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Anti-Climb Paint (also known as Anti-Vandal Paint) is the term for a class of paint which is highly thixotropic and is often used to prevent climbing of objects such as lampposts, walls or fences. It owes its effectiveness to the fact that it is based on a non-drying oil and keeps the surface greasy and slippery. As an additional advantage, it leaves its mark on the person touching it and hence makes it possible for people to identify intruders. To avoid the general public being affected by it, it is usually applied from a certain height, and not directly from ground level. Typically it is applied from a height of 2 to 2.5 metres above the ground. It is illegal to use this paint below 2 metres from the ground in many jurisdictions. It often contains the carcinogen benzene and the manufacturers are required to produce appropriate COSHH data sheets in the UK. Usually a sign is also posted with it declaring that Anti-climb paint is being used as a further deterrent. It has a useful lifetime of around 2 years, after which a fresh coat is recommended.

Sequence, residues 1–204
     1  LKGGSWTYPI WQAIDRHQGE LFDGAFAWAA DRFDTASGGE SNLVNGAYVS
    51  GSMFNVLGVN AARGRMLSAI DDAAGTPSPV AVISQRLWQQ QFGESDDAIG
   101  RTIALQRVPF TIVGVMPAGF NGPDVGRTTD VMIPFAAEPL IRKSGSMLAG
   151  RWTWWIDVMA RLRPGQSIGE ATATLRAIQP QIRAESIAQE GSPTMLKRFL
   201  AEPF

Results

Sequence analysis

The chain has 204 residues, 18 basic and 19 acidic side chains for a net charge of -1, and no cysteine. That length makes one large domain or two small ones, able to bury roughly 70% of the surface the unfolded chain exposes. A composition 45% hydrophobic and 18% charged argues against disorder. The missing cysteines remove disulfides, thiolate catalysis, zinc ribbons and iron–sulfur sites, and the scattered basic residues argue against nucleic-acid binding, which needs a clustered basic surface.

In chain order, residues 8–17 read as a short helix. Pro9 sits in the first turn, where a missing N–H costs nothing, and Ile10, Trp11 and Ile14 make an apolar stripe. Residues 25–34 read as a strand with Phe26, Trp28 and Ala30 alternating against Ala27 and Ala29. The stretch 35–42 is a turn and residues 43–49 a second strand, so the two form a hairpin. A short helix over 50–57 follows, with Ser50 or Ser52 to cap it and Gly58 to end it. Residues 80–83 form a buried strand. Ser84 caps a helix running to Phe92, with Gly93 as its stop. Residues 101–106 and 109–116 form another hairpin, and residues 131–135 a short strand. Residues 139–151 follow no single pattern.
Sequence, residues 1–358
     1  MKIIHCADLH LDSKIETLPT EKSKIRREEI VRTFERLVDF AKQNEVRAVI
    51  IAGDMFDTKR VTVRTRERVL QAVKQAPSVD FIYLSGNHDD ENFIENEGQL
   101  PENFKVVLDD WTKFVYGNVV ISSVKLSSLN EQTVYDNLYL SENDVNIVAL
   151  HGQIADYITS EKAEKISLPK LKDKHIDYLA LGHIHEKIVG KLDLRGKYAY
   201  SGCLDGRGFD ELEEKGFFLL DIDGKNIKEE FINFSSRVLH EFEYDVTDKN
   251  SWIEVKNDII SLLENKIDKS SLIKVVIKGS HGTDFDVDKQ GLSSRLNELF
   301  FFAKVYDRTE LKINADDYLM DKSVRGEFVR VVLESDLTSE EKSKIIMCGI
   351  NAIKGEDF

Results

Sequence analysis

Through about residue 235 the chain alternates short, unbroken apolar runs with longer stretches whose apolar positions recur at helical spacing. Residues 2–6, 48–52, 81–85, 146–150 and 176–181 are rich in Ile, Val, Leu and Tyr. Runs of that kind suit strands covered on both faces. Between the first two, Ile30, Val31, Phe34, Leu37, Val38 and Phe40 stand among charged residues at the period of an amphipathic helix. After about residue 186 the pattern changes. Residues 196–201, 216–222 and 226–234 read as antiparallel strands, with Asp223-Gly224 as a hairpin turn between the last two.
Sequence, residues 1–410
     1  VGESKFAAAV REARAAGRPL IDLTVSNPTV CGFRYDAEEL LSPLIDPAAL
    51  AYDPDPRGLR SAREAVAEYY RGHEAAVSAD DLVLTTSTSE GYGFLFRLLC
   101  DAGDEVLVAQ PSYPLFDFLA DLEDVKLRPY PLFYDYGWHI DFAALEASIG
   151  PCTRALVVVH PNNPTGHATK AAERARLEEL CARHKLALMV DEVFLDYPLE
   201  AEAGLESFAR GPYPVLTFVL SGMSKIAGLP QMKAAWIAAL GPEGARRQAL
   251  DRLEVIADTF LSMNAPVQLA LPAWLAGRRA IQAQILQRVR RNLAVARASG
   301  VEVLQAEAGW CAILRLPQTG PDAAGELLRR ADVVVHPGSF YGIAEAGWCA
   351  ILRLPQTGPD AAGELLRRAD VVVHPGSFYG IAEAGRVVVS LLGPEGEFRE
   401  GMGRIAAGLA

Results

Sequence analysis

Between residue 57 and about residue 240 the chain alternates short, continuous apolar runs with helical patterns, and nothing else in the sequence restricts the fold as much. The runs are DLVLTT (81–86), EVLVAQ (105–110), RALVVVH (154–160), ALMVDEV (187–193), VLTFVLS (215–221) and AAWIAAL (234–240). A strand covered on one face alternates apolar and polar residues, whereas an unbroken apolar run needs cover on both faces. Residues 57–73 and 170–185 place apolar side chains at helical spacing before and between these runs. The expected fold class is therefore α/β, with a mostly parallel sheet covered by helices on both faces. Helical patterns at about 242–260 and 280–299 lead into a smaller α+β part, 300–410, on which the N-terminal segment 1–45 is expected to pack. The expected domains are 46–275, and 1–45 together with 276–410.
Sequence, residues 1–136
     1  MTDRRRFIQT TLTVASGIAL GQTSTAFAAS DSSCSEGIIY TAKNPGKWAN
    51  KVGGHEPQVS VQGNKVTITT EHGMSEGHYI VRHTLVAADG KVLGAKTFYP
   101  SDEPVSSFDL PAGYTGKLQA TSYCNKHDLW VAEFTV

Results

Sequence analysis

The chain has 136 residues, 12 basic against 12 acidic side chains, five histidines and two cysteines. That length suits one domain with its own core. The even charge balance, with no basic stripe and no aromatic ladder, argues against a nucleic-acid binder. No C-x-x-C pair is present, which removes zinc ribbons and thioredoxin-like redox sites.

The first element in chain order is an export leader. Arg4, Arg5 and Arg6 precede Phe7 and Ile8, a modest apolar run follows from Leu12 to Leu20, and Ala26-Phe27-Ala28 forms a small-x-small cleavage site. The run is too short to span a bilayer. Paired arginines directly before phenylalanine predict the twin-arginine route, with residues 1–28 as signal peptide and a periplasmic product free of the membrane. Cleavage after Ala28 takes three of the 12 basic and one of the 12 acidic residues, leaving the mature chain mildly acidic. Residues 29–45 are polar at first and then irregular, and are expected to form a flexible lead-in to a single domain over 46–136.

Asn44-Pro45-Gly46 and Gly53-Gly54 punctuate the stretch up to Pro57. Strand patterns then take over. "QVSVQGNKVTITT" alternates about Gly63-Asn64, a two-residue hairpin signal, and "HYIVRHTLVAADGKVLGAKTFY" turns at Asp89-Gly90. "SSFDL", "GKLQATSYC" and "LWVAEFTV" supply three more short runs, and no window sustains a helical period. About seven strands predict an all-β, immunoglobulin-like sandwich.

|This article is licensed under the GNU Free Documentation License. It uses material from the Wikipedia article "Anti-climb_paint". A list of authors is available in Wikipedia.|